Because this IS their world, as surely as it is ours.

We try to own them like we try to own everything.

And we fail them, and ourselves in the process.

And so I come one again to my initial questions…,

How do animals behave?

Better than we do I think, in most circumstances.  They do not hunt or kill except for survival.  They do not burn down their forests, or despoil their land in the name resource extraction, or money, or politics.

How do animals live?

These days, mostly where we permit them to live, or where we don’t notice them, or haven’t found a way to reach them yet.  But always, they live the best they can.

And what are people?

We are the animals who have forgotten how to BE animals.

And I think we all know this, on some level.  Otherwise, there would not be the fascination, the curiosity, the need to control, to dominate, and to prove our manifest superiority over them.  We, as a species have lost something vital.  And I think that this loss inspires both our best and our worst inclinations where these creatures are concerned.


The dominate religions of our time tell us that their god is separate from the creation, and that mankind was set above the animals, was imbued with a soul and a destiny that the other ‘things’ which move upon the earth are lacking.

And I understand the appeal, the desire to feel important, to be of central importance in some grand scheme.

But the old religions knew better.

We are OF this world.

We should learn to accept that before it’s too late for them, and for us.


Stalking this tiger with my camera, only to realize that she was stalking my shadow through the tall grass.



What a feeling to watch her stroll away into the distance once she lost interest in the “hunt”. No bars and no faux stone walls to keep her where we could see her.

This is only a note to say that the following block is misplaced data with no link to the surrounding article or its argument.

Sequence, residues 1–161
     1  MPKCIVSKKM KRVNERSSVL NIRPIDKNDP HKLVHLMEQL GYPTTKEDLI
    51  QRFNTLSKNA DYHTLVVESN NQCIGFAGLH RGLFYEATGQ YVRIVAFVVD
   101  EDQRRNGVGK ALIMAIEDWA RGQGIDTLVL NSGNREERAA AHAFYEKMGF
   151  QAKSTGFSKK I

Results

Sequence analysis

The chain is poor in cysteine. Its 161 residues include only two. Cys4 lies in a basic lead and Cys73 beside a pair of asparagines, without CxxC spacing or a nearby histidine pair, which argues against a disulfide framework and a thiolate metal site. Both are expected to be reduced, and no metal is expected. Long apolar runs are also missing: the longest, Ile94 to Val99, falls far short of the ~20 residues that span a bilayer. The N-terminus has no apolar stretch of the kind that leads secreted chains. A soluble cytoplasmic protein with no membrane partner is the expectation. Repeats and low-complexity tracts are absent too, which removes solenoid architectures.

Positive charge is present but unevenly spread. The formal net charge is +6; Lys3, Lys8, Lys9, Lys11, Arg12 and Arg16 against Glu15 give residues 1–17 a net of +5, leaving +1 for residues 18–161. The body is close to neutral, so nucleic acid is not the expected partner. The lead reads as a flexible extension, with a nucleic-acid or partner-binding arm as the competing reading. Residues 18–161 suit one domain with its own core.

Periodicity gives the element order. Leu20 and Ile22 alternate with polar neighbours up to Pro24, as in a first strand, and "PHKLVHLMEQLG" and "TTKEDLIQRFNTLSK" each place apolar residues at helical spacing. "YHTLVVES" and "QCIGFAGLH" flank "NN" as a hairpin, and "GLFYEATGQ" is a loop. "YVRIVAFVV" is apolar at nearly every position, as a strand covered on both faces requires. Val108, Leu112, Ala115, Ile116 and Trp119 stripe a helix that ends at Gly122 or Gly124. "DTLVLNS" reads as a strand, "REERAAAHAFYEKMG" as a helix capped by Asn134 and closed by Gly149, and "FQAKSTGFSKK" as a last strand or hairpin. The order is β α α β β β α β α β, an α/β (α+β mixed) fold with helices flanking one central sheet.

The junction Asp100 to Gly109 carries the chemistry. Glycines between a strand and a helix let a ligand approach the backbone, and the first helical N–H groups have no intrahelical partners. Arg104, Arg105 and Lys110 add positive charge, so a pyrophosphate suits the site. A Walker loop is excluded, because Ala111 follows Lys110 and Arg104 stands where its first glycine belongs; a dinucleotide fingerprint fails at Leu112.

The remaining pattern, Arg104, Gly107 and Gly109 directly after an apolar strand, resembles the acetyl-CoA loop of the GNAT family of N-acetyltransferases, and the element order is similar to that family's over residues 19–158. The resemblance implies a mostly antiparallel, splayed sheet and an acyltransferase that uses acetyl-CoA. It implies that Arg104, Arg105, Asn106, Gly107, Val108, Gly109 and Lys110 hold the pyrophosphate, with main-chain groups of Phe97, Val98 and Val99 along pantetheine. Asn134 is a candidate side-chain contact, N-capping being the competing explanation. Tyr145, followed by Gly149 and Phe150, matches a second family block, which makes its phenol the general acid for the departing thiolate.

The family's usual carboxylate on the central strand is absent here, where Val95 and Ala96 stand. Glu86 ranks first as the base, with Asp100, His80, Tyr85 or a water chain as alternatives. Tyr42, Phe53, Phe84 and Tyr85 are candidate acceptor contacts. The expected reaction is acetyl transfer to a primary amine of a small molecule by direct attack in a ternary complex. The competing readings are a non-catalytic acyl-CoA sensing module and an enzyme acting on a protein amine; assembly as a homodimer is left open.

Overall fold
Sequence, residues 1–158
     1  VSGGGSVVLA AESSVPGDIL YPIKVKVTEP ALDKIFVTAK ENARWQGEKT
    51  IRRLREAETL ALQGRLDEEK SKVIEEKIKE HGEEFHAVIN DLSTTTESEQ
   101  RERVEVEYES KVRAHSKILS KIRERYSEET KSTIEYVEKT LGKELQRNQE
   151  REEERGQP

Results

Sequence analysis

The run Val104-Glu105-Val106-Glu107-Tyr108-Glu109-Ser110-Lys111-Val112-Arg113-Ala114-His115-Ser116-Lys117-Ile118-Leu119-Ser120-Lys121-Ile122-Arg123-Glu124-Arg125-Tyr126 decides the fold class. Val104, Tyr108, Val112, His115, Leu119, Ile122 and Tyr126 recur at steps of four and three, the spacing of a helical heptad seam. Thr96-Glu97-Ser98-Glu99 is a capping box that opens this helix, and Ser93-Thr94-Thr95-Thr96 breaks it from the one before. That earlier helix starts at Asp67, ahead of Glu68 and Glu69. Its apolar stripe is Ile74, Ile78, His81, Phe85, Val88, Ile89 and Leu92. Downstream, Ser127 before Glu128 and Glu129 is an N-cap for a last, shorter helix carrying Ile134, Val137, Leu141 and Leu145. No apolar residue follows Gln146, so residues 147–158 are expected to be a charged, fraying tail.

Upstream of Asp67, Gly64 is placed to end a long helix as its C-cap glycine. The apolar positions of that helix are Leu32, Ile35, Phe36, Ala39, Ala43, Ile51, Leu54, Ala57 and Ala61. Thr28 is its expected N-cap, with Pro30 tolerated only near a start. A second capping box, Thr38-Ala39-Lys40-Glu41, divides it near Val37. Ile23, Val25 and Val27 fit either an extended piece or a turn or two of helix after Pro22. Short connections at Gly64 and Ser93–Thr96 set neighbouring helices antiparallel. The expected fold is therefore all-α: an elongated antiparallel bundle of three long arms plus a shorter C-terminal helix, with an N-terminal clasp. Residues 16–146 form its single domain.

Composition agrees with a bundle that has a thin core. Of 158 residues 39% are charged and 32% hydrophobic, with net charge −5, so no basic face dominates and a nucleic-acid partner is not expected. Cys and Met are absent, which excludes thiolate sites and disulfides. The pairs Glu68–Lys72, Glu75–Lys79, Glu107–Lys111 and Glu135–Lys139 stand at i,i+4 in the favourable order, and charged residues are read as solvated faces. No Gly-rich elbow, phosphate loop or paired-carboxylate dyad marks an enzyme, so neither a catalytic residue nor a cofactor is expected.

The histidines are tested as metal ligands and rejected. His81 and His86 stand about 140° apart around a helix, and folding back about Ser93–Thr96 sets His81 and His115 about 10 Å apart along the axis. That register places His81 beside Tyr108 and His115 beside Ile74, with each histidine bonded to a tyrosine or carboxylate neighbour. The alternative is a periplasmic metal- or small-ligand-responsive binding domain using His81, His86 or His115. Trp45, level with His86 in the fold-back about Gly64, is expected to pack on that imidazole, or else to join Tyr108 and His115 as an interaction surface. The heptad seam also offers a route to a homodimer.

Filed under Modern Life, Nature, Philosophy, Photography, Spiritual Journey, Travel

Inconvenient, not Evil

Did you see the story last week about the raccoon who spent his day climbing a 25-story office building in Minnesota?

Little fellow became an internet sensation for a few hours, with millions checking in on his progress and wishing him a safe climb in perilous conditions.

In the comments sections that followed the coverage, I noticed how some thought it odd that a creature whom many think of as a filthy pest, suddenly had his own cheering section.

“Trash Panda…,”



Strange choice of words, it seems to me, as we are blaming the raccoon for something the WE did. We built the cities and neighborhoods in what used to be their habitat. We killed off most of the stuff that they’d normally gather to sustain themselves, and then we get upset when they are forced to root through out trash for scraps.

That little critter in the YouTube videos wasn’t climbing a building to make a point and he wasn’t in it for the adventure. He was terrified of all the humans wandering around at street level.

Also last week, my Facebook feed lit up with posts from a friend of mine at work. He was having a problem with a mouse that had turned up in his apartment. Little critter was eating his bread and making all the standard mousey scurrying sounds as it moved to and fro.